Pará is the entrepôt for the Amazon valley and the principal commercial city of northern Brazil. It is the headquarters of the Amazon Navigation Company, which owns a fleet of 40 river steamers, of 500 to 900 tons, and sends them up the Amazon to the Peruvian frontier, and up all the large tributaries where trading settlements have been established. Two or three coastwise companies also make regular calls at this port, and several transatlantic lines afford regular communication with Lisbon, Liverpool, Hamburg and New York. The port is accessible to large steamers, but those of light draft only can lie alongside the quays, the larger being obliged to anchor some distance out. Extensive port improvements have been undertaken. The exports of Pará include rubber, cacao, Brazil nuts and a large number of minor products, such as isinglass, palm fibre, fine woods, tonka beans, deerskins, balsam copaiba, annatto, and other forest products.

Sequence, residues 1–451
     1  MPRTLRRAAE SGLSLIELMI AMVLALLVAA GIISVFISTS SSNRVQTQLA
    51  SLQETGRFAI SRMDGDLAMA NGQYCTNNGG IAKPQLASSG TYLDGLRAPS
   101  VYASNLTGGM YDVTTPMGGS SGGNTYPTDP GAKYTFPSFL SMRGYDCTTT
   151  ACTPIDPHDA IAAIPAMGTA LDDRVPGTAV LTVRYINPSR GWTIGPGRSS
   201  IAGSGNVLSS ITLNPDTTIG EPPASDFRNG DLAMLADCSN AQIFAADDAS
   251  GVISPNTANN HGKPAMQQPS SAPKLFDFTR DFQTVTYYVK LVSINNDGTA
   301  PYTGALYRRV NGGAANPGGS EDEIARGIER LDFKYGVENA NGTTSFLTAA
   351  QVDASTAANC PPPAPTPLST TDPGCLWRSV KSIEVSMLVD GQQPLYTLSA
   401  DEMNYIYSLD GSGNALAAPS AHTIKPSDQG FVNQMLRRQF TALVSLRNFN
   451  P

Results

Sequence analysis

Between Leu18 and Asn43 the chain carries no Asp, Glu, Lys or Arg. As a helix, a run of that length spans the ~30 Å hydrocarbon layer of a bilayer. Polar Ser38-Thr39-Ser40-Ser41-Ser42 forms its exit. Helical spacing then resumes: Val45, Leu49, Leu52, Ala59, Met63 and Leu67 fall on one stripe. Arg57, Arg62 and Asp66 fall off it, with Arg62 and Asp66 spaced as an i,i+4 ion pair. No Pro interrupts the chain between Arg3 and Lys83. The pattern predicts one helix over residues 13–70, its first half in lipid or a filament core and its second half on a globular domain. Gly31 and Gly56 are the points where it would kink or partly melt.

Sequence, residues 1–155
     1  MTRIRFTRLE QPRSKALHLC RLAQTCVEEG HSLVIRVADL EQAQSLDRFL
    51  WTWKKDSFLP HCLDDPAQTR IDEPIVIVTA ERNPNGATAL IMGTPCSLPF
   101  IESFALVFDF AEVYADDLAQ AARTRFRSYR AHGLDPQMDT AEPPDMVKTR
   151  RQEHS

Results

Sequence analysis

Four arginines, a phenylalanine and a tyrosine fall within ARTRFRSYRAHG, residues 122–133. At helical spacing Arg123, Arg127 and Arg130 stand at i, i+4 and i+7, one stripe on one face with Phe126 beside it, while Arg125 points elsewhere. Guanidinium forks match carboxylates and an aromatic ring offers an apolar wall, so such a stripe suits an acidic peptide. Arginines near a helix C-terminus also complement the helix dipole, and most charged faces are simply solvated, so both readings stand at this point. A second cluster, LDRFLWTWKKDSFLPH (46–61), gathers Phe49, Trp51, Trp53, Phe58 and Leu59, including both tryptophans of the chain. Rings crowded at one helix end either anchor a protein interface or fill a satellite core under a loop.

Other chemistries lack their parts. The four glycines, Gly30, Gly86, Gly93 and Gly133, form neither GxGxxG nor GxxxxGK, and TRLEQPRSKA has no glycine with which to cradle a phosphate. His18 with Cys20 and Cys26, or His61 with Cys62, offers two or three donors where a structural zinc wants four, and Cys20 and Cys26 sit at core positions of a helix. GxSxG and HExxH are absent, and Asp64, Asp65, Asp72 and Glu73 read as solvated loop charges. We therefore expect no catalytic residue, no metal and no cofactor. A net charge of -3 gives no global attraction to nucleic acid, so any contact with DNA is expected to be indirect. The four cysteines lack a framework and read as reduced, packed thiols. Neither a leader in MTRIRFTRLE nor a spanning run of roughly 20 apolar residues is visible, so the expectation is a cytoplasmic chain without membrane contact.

Pará was founded in 1615 by Francisco Caldeira de Castello-Branco, who commanded a small expedition from Maranhão sent thither to secure possession of the country for Portugal and drive out the Dutch and English traders. The settlement, which he named Nossa Senhora de Belem (Our Lady of Bethlehem), grew to be one of the most turbulent and ungovernable towns of Brazil. Rivalry with Maranhão, the capital of the Amazon dependencies, slave-hunting, and bitter controversies with the Jesuits who sought to protect the Indians from this traffic, combined to cause agitation. In 1641 it had a population of only 400, but it had four monasteries and was already largely interested in the Indian slave traffic. In 1652 the Pará territory was made a separate capitania, with the town of Pará as the capital, but it was reannexed to Maranhão in 1654. The final separation occurred in 1772, and Pará again became the capital, continuing as such through all the political changes that have since occurred. The bishopric of Pará dates from 1723. The popular movement in Portugal in 1820 in favour of a constitution and parliament (Cortes) had its echo in Pará, where in 1821 the populace and garrison joined in creating a government of their own and in sending a deputation to Lisbon. The declaration of Brazilian independence of 1822 and creation of an empire under Dom Pedro I. was not accepted by Pará, partly because of its influential Portuguese population, and partly through jealousy of Rio de Janeiro as the centre of political power. In 1823 a naval expedition under Lord Cochrane, then in the service of Brazil, took possession of Maranhão, from which place the small brig “Dom Miguel” under the command of Captain John Grenfell was sent to Pará. This officer conveyed the impression that the whole fleet was behind him, and on the 15th of August the junta governativa organized in the preceding year surrendered its authority and Pará became part of the newly created Brazilian empire. An uprising against the new government soon occurred, which resulted in the arrest of the insurgents, the execution of their leaders, and the incarceration of 253 prisoners in the hold of a small vessel, where all but four died from suffocation before morning. Conspiracies and revolts followed, and in 1835 an outbreak of the worse elements, made up chiefly of Indians and half-breeds, occurred, known as the “Revolução da Cabanagem,” which was chiefly directed against the Portuguese, and then against the Freemasons. All whites were compelled to leave the city and take refuge on neighbouring islands. The Indians and half-breeds obtained the mastery, under the leadership of Antonio and Francisco Vinagres and Eduardo Angelim, and plunged the city and neighbouring towns into a state of anarchy, the population being reduced from 25,000 to 15,000. The revolt was overcome in 1836, but the city did not recover from its effects until 1848. But the opening of the Amazon to foreign trade in 1867 greatly increased the importance of the city, and its growth has gone forward steadily since that event.  (A. J. L.)